Unfortunately, data quality is a boring topic. No new CMO has ever joined a company and said, “First, let’s perform a merge/purge on our account and contact records, standardize the fields, and enrich the records.” (OK, I’m being hyperbolic, there may have been a few). No, they want a shiny new marketing automation platform, new branding, and an advertising campaign that gets the company noticed.
Sadly, there is little glory in improving your marketing database — unless, of course, you want to improve your lead nurturing, scoring, segmentation, routing, and sales ready lead quality.
Quality is generally seen as a cost center but it can just as easily be viewed as a cost saver. Bad quality erodes your marketing effectiveness, hurts your brand, kicks the knees out from under your nascent big data experiments, and demoralizes sales reps. A bad company or contact record is like a virus propagated from system to system raising the cost over time.
Furthermore, how can you think about predictive analytics when your databases are rife with bad, incomplete, and out of date records?
Bad data isn’t simply a mistyped address. It’s also:
- Missing lead firmographics making it difficult to nurture, score, route, and qualify leads.
- Invalid emails that hurt your deliverability scores and decrease the likelihood your messages will be delivered to inboxes instead of spam folders.
- Junk fields on web forms because the individual didn’t want to fill out a dozen fields to read your whitepaper.
- Large gaps in your segmentation analysis labeled UNKNOWN.
- Hosting costs for storing out of date and duplicate data.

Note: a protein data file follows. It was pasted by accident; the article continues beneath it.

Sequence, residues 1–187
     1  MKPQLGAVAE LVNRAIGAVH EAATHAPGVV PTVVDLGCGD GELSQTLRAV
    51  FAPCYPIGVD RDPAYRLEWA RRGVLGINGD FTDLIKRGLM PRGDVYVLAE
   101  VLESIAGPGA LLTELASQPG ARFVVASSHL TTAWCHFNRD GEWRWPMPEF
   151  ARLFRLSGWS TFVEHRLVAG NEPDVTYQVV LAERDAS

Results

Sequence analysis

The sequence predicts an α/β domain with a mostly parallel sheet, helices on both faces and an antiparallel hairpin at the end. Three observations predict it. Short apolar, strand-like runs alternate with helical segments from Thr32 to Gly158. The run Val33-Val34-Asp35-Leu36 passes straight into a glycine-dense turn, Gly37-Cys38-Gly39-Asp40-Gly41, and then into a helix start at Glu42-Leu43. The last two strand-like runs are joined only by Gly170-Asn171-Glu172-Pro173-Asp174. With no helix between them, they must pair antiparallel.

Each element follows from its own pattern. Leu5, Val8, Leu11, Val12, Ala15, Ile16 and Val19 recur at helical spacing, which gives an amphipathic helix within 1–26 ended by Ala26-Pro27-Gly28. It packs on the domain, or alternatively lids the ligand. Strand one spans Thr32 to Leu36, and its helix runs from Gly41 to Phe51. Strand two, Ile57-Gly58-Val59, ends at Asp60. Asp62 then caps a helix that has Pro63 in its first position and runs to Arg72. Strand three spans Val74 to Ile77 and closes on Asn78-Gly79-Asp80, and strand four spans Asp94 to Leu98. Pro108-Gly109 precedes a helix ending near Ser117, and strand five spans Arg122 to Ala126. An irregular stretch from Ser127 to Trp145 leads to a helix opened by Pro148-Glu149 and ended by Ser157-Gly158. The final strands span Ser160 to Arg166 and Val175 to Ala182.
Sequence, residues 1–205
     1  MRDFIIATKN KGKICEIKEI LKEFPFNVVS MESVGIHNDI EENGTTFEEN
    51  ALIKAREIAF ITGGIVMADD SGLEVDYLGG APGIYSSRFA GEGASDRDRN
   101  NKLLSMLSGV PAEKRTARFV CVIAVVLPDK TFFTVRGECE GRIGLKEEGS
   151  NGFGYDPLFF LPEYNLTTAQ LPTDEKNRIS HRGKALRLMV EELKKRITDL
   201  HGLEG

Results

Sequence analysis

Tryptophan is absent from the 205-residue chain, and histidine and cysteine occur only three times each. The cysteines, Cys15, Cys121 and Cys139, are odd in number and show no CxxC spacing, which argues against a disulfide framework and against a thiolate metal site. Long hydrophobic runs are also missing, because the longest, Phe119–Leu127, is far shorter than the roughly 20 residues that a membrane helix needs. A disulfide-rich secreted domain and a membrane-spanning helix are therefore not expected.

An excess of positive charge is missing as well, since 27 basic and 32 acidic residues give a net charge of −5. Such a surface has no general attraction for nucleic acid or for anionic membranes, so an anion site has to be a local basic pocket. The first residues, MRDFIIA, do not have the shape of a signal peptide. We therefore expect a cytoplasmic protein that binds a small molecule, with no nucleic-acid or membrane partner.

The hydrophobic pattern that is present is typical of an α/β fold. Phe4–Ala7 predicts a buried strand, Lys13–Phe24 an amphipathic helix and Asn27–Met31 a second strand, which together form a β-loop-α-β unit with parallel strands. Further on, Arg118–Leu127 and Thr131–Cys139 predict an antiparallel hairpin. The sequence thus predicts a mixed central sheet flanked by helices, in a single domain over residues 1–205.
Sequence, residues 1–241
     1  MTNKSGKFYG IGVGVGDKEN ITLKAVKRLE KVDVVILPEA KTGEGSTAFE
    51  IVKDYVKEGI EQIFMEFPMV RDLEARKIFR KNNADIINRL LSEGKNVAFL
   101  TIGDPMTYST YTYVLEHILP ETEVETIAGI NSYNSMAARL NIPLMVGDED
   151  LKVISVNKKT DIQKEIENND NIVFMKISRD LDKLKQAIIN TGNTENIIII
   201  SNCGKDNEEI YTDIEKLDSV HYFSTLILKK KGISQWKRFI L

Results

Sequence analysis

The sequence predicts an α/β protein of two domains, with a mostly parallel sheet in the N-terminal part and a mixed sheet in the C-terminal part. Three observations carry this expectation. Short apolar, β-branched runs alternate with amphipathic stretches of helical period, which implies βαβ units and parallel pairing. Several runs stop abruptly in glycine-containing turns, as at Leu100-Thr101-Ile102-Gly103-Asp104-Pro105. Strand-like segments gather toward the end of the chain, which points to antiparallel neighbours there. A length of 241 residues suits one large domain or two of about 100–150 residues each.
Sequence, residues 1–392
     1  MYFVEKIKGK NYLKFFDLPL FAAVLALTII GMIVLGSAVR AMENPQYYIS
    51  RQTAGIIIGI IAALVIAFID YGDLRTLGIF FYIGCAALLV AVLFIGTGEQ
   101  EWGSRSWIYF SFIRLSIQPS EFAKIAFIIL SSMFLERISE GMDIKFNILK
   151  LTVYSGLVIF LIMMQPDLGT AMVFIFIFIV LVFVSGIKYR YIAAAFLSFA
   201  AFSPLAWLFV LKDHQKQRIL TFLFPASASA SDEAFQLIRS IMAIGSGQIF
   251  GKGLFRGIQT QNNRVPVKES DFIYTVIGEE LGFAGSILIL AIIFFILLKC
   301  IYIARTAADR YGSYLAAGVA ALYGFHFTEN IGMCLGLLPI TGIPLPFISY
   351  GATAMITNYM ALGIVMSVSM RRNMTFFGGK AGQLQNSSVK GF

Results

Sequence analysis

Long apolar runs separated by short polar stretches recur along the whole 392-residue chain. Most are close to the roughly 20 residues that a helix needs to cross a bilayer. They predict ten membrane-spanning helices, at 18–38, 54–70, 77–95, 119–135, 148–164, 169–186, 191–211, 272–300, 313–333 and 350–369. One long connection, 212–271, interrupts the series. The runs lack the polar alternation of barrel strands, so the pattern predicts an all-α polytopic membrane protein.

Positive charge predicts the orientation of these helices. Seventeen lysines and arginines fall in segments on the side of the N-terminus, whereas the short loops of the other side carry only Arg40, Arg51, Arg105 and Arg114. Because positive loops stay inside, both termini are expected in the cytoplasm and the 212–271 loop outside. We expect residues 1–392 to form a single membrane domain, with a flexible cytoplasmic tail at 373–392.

- Leads with missing linkage that were held for nurture because the marketing automation system didn’t know the location was a subsidiary of a Fortune 500 company.
- Poor marketing messaging and targeting that tell the recipient that you know nothing about their business, job function, industry, or company size.
Finally, bad lead quality incentivizes sales reps to ignore leads because marketing never seems to send the “Glengarry” leads. Instead, they become demoralized as they call invalid phone numbers or find that the contact “doesn’t work here anymore”.
Henry Schuck, CEO of DiscoverOrg, describes the situation well:
Sifting through crappy leads as a sales person is incredibly demoralizing. Their commission – which often translates into their ability to save for their family’s future, have disposable income or cover their mortgage and car payments – depends on them being able to close business. Their ability to close business, in turn, depends solely on their ability to find, set appointments with, and CLOSE new opportunities. If the leads provided by your company will not help them do that – how does that feel? They just moved companies to come work for you and their future is uncertain, at best.
So look at data quality holistically. Address it at the front end in your call centers and web forms and then enrich and maintain your database over time. As contact records decay at a 25% rate per annum you need to view data quality as an ongoing process, not simply an annual refresh (which is more than many companies even do).
So by flipping your perspective, it is easy to find myriad tangible benefits which justify the cost of data quality programs. It may not lead to glory, but by recognizing the distributed costs of bad data and then remediating them, you can generate significant ROI.
Photo Credit: Data Hygiene report from Dun & Bradstreet NetProspex Workbench